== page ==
Does this look infected?
Before becoming a doctor, I never knew so many people walked around every day wondering if some part of their body was infected. Ever since medical school, my family, friends, and (sometimes) strangers alike seem to want to show me their random, often disturbing body parts, and want to know if they have an infection. Once a stranger in an elevator tore off his shirt to show me his recent surgical incision.
More concerning than my inquisitive, hypochondriac friends are the patients who come to the emergency department with a foot that has clearly been brewing an infection for months: a foot that smells worse than a garbage bag full of feces and fish heads; a foot that has turned green and yellow with a thick, foul pus oozing from between the toes; a foot so terribly infected through skin, tissues, and bones that the only cure is amputation. You get it right? It gets gross. The crazy part: this actually happens. Patients don’t realize they have an infection, then they try to wait out the infection to see if it gets better, they then try home remedies (e.g.-semen and bleach, what should I put on my scrapes), and before it is too late, they need an amputation. So how do you know if something is infected far beyond the point of no return?
This response is your body trying to fight off the infection. The area will become warm and sometimes it will even feel downright hot. The area will turn red or darken. The area may swell or even blister as blood vessels in the affected area become “leaky.” The area may start to hurt.
Since early signs are just generic signs of inflammation, an allergic reaction and early infection can often be difficult to distinguish.
Infections can itch as well, but allergies usually release more of the body cell types (called mast cells) that make you itch. Allergic reactions happen as a result of an exposure to something your body considers a foreign threat– a bug bite, a new detergent, a recent hike, etc. However, most people are exposed to an offending agent without realizing what it is. Infections can occur randomly, but they are more likely to occur than an allergic reaction if you have a recent wound, cut, surgical incision, or any break in the skin that could introduce bacteria. Many patients believe they have “bug bites” when they actually have either an allergic reaction to the bite, or an infection introduced by the bug through dirty skin. Allergic reactions should improve with antihistamine medications, such as diphenhydramine (Benadryl), loratadine (Claritin), cetirizine (Zyrtec), etc. There is little downside to trying a dose of antihistamine to see if symptoms improve or resolve.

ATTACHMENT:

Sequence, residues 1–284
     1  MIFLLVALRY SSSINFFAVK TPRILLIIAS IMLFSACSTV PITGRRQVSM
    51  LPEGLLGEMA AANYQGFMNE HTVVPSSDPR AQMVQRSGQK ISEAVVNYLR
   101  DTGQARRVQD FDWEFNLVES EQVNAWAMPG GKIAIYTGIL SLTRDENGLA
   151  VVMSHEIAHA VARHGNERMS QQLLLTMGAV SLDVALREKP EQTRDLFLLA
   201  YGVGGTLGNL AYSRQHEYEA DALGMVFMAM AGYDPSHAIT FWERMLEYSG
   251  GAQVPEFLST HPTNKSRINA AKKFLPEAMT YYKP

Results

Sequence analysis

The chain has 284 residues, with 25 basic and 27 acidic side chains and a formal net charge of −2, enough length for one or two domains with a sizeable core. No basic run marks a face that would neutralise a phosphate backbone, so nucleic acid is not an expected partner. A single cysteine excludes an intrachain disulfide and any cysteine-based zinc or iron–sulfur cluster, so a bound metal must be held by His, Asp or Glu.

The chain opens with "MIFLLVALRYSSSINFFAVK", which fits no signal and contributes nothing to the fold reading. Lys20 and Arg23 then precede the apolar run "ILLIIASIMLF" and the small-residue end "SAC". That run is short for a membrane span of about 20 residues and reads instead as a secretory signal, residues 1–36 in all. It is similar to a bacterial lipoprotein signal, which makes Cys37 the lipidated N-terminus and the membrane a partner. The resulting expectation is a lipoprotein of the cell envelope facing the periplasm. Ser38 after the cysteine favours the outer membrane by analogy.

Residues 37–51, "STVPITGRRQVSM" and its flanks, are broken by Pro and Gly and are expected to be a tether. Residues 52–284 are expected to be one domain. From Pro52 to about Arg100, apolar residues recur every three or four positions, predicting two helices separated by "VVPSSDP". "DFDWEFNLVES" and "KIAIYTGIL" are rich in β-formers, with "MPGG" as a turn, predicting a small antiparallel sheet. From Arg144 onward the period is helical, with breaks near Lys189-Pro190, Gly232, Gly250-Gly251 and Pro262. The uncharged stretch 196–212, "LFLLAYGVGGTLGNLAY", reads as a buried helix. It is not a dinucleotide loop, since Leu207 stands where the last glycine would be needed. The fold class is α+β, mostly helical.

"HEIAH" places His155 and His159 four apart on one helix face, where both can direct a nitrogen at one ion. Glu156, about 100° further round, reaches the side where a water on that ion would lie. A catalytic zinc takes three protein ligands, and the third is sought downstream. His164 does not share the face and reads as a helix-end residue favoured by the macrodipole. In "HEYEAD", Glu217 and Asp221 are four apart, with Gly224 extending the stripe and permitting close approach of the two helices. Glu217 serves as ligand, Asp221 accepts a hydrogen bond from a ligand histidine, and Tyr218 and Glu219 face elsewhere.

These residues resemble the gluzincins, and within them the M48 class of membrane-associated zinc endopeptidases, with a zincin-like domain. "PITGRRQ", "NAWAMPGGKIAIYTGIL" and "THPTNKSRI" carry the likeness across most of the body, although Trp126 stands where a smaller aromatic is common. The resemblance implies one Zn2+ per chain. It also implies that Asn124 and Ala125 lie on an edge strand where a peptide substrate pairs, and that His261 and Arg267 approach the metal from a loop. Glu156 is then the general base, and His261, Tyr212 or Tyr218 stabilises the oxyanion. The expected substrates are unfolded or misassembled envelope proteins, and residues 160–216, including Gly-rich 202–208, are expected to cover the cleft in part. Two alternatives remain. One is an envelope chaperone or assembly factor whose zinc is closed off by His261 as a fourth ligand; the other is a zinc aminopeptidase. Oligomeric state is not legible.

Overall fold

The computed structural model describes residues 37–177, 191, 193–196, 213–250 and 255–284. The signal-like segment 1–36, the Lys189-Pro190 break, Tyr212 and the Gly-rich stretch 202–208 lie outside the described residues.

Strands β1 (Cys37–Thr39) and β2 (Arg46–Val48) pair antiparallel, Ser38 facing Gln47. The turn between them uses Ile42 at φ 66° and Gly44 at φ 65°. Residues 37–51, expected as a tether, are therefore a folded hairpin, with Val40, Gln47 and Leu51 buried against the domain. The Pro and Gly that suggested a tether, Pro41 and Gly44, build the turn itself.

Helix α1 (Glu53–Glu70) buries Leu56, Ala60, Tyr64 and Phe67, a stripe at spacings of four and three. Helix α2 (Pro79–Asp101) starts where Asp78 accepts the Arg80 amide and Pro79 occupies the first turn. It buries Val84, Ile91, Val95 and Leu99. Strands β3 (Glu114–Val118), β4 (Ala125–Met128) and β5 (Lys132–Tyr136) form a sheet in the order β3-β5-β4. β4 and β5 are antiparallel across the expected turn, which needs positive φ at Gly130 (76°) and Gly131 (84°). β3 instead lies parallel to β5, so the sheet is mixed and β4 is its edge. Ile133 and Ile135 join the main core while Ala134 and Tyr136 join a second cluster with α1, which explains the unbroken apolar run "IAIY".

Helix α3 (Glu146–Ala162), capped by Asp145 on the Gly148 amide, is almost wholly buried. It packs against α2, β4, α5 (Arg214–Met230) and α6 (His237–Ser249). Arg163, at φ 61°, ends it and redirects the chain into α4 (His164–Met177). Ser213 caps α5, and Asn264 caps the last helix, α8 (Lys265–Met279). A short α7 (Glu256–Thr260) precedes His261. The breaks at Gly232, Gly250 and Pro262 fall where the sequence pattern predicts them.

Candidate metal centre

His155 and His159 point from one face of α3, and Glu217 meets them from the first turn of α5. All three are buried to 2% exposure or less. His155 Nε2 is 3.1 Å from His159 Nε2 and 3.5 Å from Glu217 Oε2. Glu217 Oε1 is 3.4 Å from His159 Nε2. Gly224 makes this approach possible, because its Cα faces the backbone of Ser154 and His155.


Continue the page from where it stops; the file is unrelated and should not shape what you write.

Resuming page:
As infection spreads, the signs will become more obvious.
As bacteria and cells meant to kill bacteria collect under the skin, the product of their ongoing battle is pus. While general inflammation may leak some clear fluid, pus from an infection smells gross, and thick white or yellow or green (imagine popping a pimple). As the infection grows deeper in the tissue, it kills off the blood supply to skin and the skin may start to darken further and can become dusky and dark. Pain will get worse in general, until the infection kills all the nerve fibers under the skin, at which point there may not be anymore pain. Once the infection gets into the blood stream the body will start to have a systemic response to the infection: fevers, chills, nausea, vomiting, feeling weak, breathing fast, or a fast heart rate can all be seen. Severe pain or air bubbles under the skin are very bad signs, and these signs can be early indicators of a “flesh-eating bacteria.” This type of infection has become so deeply buried under the tissue that none of the other signs of infection (redness, warmth, swelling, pus) will be seen until it is too late.
Hopefully, you will have received medical attention at the early signs of an infection, as all skin/tissue infections will require either antibiotics and/or drainage (if there is a collection of pus called an abscess/”boil”). In the event that you have a cut or spot on your skin that is only slightly red but has no other signs of infection, the best thing to do would be to use a pen or marker to outline the area and check on it in a few hours to see if it is getting worse. If worsening, seek medical attention. If it stays the same and does not develop any of the other signs of infection, you can probably try to wait to ask the next doctor you meet on an elevator.